During the overnight and early-morning pursuit of the brothers, a federal official familiar with the case said authorities recovered a handful of improvised explosive devices (IEDs), including one in the possession of Tamerlan Tsarnaev. All of the devices appeared to be homemade explosives, including pipe bombs. Several were detonated by police Friday afternoon.

Police took Tamerlan Tsarnaev to Beth Israel Deaconess Medical Center following the exchange of gunfire with police at about 1:20 a.m. Friday. Dr. David Schoenfeld said medical personnel tried to revive him. He had multiple gunshot wounds and burn and gaping blast wounds that appeared to have come from an explosive device strapped to his body.

The brothers' acts continue to befuddle authorities, family and friends that know them. Students at the University of Massachusetts Dartmouth, where Dzhokar was a student, say they saw him on campus following Monday's bombings.

lnvestigators have not found any formal links so far to an international terror group.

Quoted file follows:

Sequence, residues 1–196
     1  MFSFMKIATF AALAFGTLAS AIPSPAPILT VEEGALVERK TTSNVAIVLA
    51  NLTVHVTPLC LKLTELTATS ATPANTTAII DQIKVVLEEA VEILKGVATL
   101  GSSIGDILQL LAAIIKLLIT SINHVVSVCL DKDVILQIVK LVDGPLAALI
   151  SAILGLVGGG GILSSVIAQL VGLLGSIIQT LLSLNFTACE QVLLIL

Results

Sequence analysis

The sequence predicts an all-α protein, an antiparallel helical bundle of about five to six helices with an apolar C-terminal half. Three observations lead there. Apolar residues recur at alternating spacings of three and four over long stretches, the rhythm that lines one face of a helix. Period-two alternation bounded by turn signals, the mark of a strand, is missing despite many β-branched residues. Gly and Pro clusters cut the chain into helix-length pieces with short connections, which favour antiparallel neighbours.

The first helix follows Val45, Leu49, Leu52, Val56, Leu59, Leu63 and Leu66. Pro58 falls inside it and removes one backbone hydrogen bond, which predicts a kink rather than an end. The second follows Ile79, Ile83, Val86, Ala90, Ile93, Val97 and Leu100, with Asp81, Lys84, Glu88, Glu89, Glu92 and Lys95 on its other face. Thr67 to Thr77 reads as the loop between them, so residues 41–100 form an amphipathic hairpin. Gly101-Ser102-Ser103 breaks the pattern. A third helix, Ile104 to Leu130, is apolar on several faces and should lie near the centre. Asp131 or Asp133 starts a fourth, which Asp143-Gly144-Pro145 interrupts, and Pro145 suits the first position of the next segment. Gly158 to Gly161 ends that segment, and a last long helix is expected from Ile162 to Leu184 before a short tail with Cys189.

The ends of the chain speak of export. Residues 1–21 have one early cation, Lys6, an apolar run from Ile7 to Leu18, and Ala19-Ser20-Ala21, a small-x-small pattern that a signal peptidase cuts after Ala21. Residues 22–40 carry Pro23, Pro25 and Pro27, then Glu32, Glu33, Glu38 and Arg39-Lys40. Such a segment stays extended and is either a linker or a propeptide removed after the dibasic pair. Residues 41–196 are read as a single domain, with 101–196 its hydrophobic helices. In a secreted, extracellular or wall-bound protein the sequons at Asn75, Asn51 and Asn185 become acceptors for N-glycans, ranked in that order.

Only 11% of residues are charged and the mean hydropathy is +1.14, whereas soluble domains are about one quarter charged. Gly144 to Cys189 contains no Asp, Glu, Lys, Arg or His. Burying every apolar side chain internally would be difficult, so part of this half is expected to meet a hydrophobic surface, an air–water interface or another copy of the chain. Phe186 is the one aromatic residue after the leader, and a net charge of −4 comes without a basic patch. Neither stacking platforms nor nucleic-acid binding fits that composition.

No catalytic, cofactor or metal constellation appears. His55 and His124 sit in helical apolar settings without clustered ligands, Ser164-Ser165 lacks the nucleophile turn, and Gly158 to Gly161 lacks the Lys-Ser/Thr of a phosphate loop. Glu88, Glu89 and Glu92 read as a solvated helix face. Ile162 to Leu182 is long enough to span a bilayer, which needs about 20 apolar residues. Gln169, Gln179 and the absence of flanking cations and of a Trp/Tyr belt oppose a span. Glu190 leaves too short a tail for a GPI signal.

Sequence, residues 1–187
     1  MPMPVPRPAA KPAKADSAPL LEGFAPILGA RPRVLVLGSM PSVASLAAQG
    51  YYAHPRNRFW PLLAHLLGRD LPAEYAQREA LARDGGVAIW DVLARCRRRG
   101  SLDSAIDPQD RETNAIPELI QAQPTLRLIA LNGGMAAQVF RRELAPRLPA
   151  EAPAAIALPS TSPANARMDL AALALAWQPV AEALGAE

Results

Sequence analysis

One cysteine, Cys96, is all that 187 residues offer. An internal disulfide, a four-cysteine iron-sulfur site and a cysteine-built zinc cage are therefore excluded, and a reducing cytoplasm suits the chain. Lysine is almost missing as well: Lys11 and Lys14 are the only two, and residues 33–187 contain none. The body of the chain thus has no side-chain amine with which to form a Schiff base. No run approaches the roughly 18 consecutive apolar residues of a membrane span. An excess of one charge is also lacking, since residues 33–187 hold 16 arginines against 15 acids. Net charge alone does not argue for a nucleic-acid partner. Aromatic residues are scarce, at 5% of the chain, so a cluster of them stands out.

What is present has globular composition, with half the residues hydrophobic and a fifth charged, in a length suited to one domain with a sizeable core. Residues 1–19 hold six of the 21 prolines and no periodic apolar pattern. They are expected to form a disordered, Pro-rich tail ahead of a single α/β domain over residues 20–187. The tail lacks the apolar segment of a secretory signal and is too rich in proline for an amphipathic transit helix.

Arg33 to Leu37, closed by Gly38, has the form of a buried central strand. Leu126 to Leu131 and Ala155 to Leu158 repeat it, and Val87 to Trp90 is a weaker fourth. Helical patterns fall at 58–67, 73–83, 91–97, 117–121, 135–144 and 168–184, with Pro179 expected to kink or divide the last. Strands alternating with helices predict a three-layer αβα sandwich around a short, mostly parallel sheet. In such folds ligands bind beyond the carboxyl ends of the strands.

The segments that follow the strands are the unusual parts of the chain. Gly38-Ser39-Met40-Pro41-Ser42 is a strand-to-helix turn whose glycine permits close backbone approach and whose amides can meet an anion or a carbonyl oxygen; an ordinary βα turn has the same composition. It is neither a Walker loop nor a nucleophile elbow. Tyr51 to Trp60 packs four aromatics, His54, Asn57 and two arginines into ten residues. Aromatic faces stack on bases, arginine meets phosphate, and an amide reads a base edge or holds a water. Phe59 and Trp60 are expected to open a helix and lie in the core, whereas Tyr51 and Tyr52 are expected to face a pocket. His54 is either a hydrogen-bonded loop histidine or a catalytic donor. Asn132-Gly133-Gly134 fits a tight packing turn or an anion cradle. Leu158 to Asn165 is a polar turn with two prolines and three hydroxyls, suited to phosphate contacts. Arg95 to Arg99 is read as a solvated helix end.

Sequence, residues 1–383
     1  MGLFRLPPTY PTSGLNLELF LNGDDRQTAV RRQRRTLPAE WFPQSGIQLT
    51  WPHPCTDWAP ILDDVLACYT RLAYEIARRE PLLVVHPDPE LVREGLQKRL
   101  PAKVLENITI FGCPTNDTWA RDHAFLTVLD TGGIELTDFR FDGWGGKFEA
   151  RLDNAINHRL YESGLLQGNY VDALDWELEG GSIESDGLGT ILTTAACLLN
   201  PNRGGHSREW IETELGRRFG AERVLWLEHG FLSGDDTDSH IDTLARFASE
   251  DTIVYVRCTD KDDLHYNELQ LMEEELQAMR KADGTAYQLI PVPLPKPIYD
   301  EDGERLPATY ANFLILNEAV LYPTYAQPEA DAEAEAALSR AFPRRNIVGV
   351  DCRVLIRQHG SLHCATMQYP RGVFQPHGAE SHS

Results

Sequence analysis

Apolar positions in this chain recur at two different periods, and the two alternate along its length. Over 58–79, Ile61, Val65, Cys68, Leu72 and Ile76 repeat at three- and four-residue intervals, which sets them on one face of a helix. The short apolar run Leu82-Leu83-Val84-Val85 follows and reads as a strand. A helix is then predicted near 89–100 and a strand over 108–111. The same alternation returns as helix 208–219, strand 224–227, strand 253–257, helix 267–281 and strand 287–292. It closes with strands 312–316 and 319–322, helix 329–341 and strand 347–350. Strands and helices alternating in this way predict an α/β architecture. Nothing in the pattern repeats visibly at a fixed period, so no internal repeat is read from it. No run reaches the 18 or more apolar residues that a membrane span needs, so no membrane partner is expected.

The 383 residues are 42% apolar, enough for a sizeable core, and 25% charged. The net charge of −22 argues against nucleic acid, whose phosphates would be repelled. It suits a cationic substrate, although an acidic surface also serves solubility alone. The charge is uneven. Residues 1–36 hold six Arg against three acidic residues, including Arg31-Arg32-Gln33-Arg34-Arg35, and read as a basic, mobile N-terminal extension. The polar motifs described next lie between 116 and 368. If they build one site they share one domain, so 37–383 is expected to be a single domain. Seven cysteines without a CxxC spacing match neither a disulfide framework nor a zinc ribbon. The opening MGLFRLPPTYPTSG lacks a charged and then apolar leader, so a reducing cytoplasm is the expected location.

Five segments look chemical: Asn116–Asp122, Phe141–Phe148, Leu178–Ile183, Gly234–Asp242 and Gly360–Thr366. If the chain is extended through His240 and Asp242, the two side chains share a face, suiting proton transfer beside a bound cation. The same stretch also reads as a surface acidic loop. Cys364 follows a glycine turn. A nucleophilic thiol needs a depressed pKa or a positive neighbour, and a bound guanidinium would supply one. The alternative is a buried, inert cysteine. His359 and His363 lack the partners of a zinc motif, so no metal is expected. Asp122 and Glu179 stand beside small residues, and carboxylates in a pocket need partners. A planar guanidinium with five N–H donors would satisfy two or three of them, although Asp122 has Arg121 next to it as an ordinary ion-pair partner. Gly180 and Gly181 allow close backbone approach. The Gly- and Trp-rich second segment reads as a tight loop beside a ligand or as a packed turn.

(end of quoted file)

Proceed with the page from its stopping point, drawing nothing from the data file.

Dzhokar's escape prompted Gov. Patrick to order the city of Boston and its surrounding suburbs locked down and its residents to remain in their homes for much of Friday. The Boston Red Sox and Bruins postponed Friday night games. Businesses in Watertown, Newton, Waltham, Belmont, Cambridge and the Alston and Brighton neighborhoods of Boston were requested to remain closed and residents to remain indoors until the suspect is caught. Massachusetts shut down all mass transit, including buses and trains, in Boston and surrounding suburbs, Kurt Schwartz, director of Massachusetts Emergency Management Agency said.

The Tsarnaev family is believed to have moved to the USA in 2003. They had lived in Kazakhstan for several years after fleeing war-torn Chechnya. Tamerlan attended Bunker Hill Community College in nearby Charlestown as a part-time student for three semesters from 2006 to 2008. He studied accounting.

In an telephone interview from Russian with the Associated Press, the brothers' father, Anzor Tsarnaev, said Dzhokhar is "a true angel" and "an intelligent boy." In subsequent media interviews, he said his sons had been framed for Monday's bombings.